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Auditory cortex displays remarkable
plasticity, but how such plasticity relates to human perceptual learning remains unclear. Here, we present a neural network model that attempts to link the two. The model consists of an encoding layer, a decoding/decision layer, and an interneuron that receives both top-down regulation and bottom-up stimulation. The interneuron, once activated, implements a neural learning mechanism such as reorganization of the tonotopic map or lateral inhibition. During active training, top-down regulation sensitizes the interneuron and initiates the learning process. Depending on the relative influence of top-down regulation and bottom-up stimulation, learning ranges from partially to completely stimulus specific, consistent with empirical observations. For stimulus-specific learning, we have recently shown that passive exposure to an untrained frequency after, but not before active training induces transfer to that frequency. The model displays similar behaviors regardless of the specific neural learning mechanism (remapping or inhibition) implemented. Overall, the simulation results indicate that auditory cortical plasticity is subject to top-down regulation and that the plasticity, once unlocked, can afford perceptual learning with bottom-up stimulation only.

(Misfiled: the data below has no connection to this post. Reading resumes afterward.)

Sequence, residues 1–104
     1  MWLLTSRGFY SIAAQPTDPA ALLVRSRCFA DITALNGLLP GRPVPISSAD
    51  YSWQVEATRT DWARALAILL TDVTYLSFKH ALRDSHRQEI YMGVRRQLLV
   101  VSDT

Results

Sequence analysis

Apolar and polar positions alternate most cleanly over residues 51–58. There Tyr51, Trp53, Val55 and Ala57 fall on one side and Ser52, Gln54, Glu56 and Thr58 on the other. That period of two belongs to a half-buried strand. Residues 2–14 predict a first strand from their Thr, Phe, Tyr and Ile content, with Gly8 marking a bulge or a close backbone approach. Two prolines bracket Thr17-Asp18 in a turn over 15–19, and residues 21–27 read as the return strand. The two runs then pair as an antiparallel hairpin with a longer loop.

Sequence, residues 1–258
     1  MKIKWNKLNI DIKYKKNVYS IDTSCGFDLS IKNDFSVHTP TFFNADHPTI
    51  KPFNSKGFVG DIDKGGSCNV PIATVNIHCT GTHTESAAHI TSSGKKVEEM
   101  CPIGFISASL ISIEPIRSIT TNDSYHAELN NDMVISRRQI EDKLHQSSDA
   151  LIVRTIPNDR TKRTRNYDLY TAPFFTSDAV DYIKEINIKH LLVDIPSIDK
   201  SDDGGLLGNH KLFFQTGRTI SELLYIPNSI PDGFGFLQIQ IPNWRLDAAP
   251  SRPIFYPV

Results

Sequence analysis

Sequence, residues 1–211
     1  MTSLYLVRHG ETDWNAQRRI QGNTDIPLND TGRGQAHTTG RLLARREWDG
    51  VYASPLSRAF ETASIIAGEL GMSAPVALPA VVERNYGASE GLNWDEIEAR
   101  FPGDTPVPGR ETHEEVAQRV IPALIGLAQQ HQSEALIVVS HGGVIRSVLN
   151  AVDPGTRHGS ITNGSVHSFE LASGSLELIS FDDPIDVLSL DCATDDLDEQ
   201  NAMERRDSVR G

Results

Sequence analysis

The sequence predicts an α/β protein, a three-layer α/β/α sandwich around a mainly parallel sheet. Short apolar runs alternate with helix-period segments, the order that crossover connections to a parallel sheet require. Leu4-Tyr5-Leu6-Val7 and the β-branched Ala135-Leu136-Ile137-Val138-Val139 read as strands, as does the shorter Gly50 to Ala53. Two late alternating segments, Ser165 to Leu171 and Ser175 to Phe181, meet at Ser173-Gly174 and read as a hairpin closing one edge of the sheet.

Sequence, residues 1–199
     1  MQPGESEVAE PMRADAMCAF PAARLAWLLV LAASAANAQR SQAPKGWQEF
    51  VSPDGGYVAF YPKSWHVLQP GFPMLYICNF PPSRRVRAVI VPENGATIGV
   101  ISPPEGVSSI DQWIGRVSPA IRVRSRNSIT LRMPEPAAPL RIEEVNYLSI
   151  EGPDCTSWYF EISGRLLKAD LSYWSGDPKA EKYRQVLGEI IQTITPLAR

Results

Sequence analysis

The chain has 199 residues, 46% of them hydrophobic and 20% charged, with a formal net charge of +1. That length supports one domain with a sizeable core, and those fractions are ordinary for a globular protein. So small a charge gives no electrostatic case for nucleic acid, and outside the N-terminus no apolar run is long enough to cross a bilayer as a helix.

- © 2016 Acoustical Society of America.
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